Republicans had a great night at every level in last month’s elections, but not everyone went home a winner. Governor Pat McCrory trailed in his re-election bid but refused to concede the election, requesting a recount and alleging irregularities in the voting, especially in Durham County. Today McCrory surrendered to the inevitable, and promised to help governor-elect Roy Cooper successfully and quickly transition into the office:
North Carolina Gov. Pat McCrory conceded the governor’s race Monday, clearing the way for Democrat Roy Cooper to be declared the winner nearly four weeks after Election Day.
The win by Cooper, the state’s outgoing attorney general, gives Democrats an important consolation prize after a disappointing election across the country. However, Republicans retain super majorities in both legislative chambers.
In a video message from his office posted to YouTube, McCrory said, “Despite continued questions that should be answered regarding the voting process, I personally believe that the majority of our citizens have spoken, and we now should do everything we can to support the 75th governor of North Carolina, Roy Cooper.”
In a way, the controversy in North Carolina resembles that of Jill Stein’s recount demands in Michigan, Wisconsin, and Pennsylvania. For that matter, so does McCrory’s reasoning behind contesting the results — supposed concerns about integrity in the ballot-counting system. There’s one major exception, though, which is that a recount would at least theoretically impact McCrory’s status in the election. He was the runner-up, not a fourth-place fringe candidate for whom a recount would make no difference at all.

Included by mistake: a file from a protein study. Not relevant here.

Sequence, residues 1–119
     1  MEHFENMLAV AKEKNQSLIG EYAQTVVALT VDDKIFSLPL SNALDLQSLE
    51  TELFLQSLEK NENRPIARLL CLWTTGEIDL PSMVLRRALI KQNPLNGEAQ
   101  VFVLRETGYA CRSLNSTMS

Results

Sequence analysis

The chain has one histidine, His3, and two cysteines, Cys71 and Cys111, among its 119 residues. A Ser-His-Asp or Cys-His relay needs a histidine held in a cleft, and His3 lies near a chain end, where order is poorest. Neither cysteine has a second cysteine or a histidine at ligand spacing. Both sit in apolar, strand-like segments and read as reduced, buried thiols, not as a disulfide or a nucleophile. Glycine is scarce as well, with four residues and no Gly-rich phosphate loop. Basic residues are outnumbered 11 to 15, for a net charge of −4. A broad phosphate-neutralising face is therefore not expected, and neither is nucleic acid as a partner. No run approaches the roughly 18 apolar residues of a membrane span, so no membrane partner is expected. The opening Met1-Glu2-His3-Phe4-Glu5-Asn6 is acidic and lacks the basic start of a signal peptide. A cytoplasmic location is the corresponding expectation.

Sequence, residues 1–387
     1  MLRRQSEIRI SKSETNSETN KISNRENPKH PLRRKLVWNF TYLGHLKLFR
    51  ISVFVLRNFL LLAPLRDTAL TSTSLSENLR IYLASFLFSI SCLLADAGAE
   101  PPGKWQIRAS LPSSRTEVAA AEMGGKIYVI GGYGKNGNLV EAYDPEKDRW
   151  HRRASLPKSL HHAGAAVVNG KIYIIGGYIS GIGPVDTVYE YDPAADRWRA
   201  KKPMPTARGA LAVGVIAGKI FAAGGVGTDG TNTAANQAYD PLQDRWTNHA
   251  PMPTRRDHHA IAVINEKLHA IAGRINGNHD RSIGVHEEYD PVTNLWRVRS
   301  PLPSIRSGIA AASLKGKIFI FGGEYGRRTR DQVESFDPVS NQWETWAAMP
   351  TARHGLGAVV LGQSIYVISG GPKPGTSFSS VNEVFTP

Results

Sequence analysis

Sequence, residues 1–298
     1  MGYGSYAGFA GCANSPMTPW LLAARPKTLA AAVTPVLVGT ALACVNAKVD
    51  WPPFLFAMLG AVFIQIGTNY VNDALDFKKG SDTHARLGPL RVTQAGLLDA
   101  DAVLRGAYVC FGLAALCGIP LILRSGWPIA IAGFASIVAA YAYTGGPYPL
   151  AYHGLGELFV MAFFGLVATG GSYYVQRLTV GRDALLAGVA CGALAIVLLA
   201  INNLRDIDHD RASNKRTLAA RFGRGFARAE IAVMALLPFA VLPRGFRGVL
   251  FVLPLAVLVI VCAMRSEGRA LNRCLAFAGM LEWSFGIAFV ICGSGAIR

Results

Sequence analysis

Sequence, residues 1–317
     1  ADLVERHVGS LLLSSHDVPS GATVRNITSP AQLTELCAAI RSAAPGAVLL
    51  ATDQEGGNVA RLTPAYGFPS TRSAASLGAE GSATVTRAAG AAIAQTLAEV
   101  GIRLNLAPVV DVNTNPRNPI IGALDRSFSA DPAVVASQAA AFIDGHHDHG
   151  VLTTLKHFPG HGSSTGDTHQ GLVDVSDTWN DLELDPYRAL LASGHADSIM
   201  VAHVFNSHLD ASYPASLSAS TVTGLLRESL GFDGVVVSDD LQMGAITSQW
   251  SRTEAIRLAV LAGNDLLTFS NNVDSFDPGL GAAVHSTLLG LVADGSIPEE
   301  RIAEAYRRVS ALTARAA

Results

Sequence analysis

However, the numbers made McCrory’s efforts nothing short of quixotic. The state cast around 4.7 million votes and McCrory trails by 10,263, according to the state Board of Elections unofficial tally. That’s a 0.218% difference, but it’s about ten times the amount that a recall would likely change. That’s almost the same difference as Michigan in the presidential race, which was ordered to begin its recount today by a federal judge, where an outcome-changing difference is equally improbable.
McCrory belatedly realized that this was going nowhere, and took the responsible action of admitting to reality and allowing the state of North Carolina to get back to business with a minimum of disruption. Too bad that Jill Stein, who has much less rational standing for her demands, doesn’t have the same sense of civic responsibility.
Addendum: As the Associated Press notes, Cooper’s not going to have an easy time as McCrory’s successor. Republicans have a supermajority in the state legislature, which means that they can govern without Cooper’s approval on issues that unite them. Republicans lost the seat, which isn’t nothing, but they haven’t yet lost the state.